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Light Independent Reaction

Light Independent Reaction

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Tutorial

Light Independent Reactions

This tutorial examines the biochemical pathway of carbon fixation by the enzyme RuBisCO, as well as modifications of this fixation. Since RuBisCO can fix oxygen as well, we have a process called photorespiration occuring. The most common comment is that it is wasteful, but a deeper look into plant physiology shows that there are some real benefits to it. Plants get the carbon dioxide they need for the Calvin Cycle from the air - which means they need to open their stomata. Plants in water stressed environments have evolved remarkable ways on continuing to fix carbon while reducing water loss through transpiration: C4 and CAM photosynthesis.

Source: M. O'Mahony, open source images, other references at the end of the slides.

References for Photorespiration

References to update information on the advantages of photorespiration in C3 plants.

Full Screen

Source: as on slide

Student Notes Template

Notes Template for the Students that complements the screencast for this lesson.

Full Screen

Source: M. O'Mahony

Tutorial: Photorespiration, C4 and CAM

This tutorial explores modifications of the Calvin cycle:
-photorespiration where carbon dioxide is lost through oxygen binding with RuBisco,
-C4 and CAM photosynthesis where molecular modifications enhance carbon
dioxide fixation and reduce water loss.

The questions found in the Workbook are excellent and it is highly recommended that you work through these!

Source: Viten (Norweigan Centre for Science Education)

Photosynthesis Tutorial

You worked through the first 3 "scenes" of this animation in the previous tutorial.  

http://www.mhhe.com/biosci/bio_animations/02_MH_Photosynthesis_Web/

The 4th scene is on the Calvin Cycle.  This is followed by a clear summary of the big picture of photosynthesis.

Source: MdGraw - Hill online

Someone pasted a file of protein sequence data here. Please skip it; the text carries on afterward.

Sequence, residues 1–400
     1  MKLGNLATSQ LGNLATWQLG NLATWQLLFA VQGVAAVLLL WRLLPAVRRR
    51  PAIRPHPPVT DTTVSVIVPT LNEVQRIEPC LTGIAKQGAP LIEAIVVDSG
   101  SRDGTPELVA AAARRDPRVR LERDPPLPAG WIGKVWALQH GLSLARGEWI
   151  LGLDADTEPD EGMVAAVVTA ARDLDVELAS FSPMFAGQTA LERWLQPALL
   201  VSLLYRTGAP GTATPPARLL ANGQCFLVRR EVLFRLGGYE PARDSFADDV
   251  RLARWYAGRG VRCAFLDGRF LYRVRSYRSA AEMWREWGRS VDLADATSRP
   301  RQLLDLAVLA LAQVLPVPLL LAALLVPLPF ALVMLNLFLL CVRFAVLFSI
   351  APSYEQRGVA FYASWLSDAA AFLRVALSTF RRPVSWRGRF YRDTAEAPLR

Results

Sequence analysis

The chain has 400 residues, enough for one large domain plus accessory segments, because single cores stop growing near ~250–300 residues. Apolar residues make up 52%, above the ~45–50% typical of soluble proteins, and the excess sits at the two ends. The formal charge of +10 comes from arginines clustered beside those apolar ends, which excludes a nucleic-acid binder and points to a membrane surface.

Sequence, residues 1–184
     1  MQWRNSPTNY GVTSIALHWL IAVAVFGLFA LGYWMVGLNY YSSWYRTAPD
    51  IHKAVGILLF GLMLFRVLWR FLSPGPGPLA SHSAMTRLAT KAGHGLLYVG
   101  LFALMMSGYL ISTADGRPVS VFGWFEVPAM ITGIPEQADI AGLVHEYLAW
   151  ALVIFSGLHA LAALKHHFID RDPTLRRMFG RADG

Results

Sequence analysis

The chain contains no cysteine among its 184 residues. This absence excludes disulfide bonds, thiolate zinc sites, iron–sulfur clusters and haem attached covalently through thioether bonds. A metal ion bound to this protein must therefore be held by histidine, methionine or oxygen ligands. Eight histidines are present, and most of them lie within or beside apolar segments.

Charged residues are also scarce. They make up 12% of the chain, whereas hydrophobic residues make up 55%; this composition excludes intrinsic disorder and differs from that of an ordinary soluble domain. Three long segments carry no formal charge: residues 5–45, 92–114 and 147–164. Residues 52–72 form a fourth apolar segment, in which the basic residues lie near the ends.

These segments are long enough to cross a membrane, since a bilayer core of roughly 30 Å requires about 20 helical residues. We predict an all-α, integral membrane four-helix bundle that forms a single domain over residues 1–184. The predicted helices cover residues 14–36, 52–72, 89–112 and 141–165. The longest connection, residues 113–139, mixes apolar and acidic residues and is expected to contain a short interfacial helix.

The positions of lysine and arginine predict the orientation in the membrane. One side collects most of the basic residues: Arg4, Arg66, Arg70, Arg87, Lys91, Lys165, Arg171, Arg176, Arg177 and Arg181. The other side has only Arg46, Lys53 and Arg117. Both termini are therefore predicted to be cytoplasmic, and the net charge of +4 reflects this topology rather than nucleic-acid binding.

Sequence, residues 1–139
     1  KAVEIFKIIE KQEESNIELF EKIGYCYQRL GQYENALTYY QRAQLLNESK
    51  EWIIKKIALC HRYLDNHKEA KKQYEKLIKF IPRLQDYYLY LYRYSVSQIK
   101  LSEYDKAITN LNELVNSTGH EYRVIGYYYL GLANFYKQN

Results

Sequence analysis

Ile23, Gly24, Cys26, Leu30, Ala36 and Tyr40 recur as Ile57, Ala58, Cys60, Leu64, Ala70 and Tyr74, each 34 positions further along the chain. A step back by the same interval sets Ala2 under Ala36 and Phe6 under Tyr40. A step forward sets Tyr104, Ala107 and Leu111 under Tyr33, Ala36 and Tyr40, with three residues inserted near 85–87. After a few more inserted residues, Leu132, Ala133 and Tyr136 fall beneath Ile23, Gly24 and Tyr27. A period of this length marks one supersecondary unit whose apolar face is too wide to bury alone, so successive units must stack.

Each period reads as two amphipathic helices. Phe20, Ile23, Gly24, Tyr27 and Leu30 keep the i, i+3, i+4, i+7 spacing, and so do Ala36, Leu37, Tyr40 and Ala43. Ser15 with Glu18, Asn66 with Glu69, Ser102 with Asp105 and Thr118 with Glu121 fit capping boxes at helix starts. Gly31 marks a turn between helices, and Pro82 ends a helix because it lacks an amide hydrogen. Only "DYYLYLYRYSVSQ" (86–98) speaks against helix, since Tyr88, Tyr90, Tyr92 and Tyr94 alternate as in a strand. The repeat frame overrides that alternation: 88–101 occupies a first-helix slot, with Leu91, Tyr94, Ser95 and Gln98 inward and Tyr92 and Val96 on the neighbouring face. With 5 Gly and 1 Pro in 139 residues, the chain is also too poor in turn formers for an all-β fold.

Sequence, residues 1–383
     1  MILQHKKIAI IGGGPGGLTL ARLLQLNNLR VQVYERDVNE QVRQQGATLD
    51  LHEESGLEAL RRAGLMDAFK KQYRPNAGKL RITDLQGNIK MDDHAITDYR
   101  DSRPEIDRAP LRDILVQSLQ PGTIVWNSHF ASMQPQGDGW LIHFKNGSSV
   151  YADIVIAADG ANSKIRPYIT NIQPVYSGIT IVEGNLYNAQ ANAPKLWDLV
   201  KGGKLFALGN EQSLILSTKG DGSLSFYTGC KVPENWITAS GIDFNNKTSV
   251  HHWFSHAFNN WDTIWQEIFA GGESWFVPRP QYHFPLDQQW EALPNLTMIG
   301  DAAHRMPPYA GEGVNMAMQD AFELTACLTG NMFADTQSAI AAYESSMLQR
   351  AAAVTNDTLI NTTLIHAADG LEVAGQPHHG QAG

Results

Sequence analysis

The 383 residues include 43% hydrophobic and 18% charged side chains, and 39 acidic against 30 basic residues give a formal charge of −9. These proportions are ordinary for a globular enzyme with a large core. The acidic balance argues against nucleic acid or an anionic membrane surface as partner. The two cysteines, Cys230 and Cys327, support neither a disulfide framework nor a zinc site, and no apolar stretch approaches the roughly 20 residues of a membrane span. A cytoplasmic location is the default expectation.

Animation of the Calvin Cycle

This animation explains the Calvin Cycle using three phases - as you will be learning in class.

http://www.science.smith.edu/departments/Biology/Bio231/calvin.html

 

Source: Smith, Bio231 course

Nature's smallest factory: The Calvin cycle

Here is a really nice - and clear - summary of the Calvin Cycle: http://ed.ted.com/lessons/nature-s-smallest-factory-the-calvin-cycle-cathy-symington

Source: Ted-Ed Cathy Symington

The Calvin Cycle Game

A reminder that you need an account on Spongelab to access the resources.  It is free to set up an account.

Search:  Calvin Cycle, then look under "Games and Simulations".

http://www.spongelab.com/browse/index.cfm

Have  fun!

Source: Spongelab

RuBisco

Rubisco was the molecule of the month for November 2000 in the RCSB Protein Data Bank.

http://www.rcsb.org/pdb/101/motm.do?momID=11

 

Source: David Goodsell & RCSB Protein Data Bank

Melvin Calvin - Nobel Prize in Chemistry 1961

The Nobel Prize in Chemistry 1961

Melvin Calvin

Prize share: 1/1

The Nobel Prize in Chemistry 1961 was awarded to Melvin Calvin"for his research on the carbon dioxide assimilation in plants".

Source: The Nobel Prize in Chemistry 1961". Nobelprize.org. Nobel Media AB 2014. Web. 14 Nov 2014.

Tracing the Pathway of Carbon Dioxide

This animation (option of narration) overviews the Calvin-Benson Cycle and its link to the Light Reactions of Photosynthesis.  Then, it explains how, starting in the mid-1940's, the researchers used 14C to work out the sequence of the compounds of the cycle.

http://bcs.whfreeman.com/thelifewire/content/chp08/0802003.html

Source: WH Freeman online

C4 Photosynthesis

Source: Spongelab

Bill Nye: The Discovery of Photosynthesis

This video demonstrates how the concept of photosynthesis was discovered.

Source: Discovery Channel, YouTube